MVP: Paul Pierce and Deron Williams pick up the co-MVP, or their scoring exploits with Joe Johnson and Andray Blatche out. Pierce finished with 25 points on 5-for-9 shooting from the field (14-for-14 free throws) and Williams contributed 21.
X factor: Mirza Teletovic was a major spark off the bench, sniping the Sixers from afar to the tune of 20 points on 7-for-12 shooting from the field and 5-for-9 from downtown. This was Teletovic's fifth game of five-plus 3-pointers on the season.
Defining moment: Kevin Garnett had a tremendous defensive stand on the interior with under a minute to play and Philadelphia down five, which was followed up by Pierce making both of his game-sealing free throws, only to be topped off by Shaun Livingston's seventh steal of the night.
MVP: Dwyane Wade. LeBron James was only two rebounds shy of a triple-double, but the evening belonged to Wade, who put on a vintage performance. Wade was on attack from early on, slashing to the basket, getting to the rim and making plays. He looked energetic and at times explosive, tallying 30 points, 10 rebounds and five assists.
X factor: Chris Bosh: Just like how the Heat are hard to beat when Wade is on top of his game, they are also extremely tough when Bosh is balling. Though his production tapered off in the second half, he provided a third offensive option for Miami, and he stayed active on the other end.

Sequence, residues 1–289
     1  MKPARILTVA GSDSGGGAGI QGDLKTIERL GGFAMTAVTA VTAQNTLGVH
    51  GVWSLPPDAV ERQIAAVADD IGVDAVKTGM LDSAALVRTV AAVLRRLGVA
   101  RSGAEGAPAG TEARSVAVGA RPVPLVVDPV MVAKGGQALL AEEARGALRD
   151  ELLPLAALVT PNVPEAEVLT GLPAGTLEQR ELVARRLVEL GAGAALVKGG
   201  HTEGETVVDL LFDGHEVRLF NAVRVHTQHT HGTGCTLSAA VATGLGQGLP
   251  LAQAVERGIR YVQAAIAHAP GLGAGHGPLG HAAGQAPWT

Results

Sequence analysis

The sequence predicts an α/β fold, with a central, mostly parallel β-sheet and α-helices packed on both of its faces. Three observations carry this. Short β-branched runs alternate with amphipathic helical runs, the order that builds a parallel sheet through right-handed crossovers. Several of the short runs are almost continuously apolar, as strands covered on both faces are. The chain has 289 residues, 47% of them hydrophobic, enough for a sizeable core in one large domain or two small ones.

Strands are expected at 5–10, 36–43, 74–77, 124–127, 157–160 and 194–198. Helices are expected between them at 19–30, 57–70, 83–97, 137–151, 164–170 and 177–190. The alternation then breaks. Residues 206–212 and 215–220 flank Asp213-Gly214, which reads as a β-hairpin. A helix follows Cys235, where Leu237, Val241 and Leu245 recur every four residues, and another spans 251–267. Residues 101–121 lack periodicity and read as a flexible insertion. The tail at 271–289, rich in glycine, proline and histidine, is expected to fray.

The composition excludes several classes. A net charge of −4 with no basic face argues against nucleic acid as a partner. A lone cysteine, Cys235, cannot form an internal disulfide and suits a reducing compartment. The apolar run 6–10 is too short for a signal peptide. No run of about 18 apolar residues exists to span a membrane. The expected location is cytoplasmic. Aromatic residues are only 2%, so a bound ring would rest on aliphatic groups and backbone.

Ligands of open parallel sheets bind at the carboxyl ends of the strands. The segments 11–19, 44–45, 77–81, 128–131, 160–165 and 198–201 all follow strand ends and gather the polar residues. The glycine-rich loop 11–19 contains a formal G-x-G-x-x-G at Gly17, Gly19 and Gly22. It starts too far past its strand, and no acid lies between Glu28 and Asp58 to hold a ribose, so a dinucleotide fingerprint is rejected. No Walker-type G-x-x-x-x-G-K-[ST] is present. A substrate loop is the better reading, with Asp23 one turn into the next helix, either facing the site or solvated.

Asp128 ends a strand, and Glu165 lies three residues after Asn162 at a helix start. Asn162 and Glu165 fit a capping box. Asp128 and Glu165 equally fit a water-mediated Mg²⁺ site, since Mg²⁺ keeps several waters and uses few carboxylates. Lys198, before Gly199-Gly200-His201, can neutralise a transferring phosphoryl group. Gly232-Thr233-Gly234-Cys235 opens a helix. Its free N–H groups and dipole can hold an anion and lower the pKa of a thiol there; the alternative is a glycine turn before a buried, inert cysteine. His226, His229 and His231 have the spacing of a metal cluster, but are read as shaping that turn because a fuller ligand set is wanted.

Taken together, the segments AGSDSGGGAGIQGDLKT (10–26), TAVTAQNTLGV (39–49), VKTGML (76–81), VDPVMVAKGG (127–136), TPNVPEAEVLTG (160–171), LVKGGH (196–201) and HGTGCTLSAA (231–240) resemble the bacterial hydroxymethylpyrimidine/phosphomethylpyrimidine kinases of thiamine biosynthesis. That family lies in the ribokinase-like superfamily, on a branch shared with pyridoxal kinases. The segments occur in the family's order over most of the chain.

Defining moment: LeBron's skyscraper alley-oop in the second quarter. We all know how freakishly athletic he is, but every once in a while it is nice to be reminded. On the toss from Mario Chalmers, LeBron's receiving hand was extended beyond the top of the white backboard square. It brought the Heat's bench to its feet and set the tone for the rest of the game.
MVP: Kevin Durant. Did you really need to ask? He nearly collected a triple-double tonight, finishing with 31 points, eight rebounds and eight assists.
X factor: Blocks. The Thunder picked up nine to the Grizzlies' four, including four from rookie Steven Adams. A swat seemed to thwart every major Memphis run.
That was ... a bit of an aberration, in terms of the playoffs. The Grizzlies are missing Mike Conley and Tony Allen, and Oklahoma City is still going without Russell Westbrook. It's hard to take much away from this affair if we're thinking about their potential matchup in the spring.
MVP: Tony Parker was playing a different game than everyone else tonight, as he scored 32 points while dishing out nine assists for the Spurs. Spurs coach Gregg Popovich put him in the pick-and-roll with Duncan all night and Parker had an answer for whatever the Pelicans did defensively.
Turning point: The Pelicans led by 12 with 9:26 to go. After a Popovich timeout, Patty Mills dropped five straight points and Danny Green followed that up with a huge 3 to cut the lead to four. That was the beginning of a 27-7 run that put the Pelicans away for good.
That was ... a taste of his own medicine: Anthony Davis is running away with the lead in blocks per game, but the Spurs did a good job of rejecting both Davis and his teammates tonight. The Spurs had 12 blocks total, including six by Tim Duncan. It is becoming clear that Davis is the future, but Duncan isn't ready to pass the baton just yet.
3. Monday's Best
Kenneth Faried, Nuggets: Faried made 11 of 13 shots en route to a career-high 28 points and 11 rebounds for the Nuggets, who beat the Clippers when Randy Foye hit a 3-pointer from the top of the key at the buzzer for a 116-115 win.
4. Monday's Worst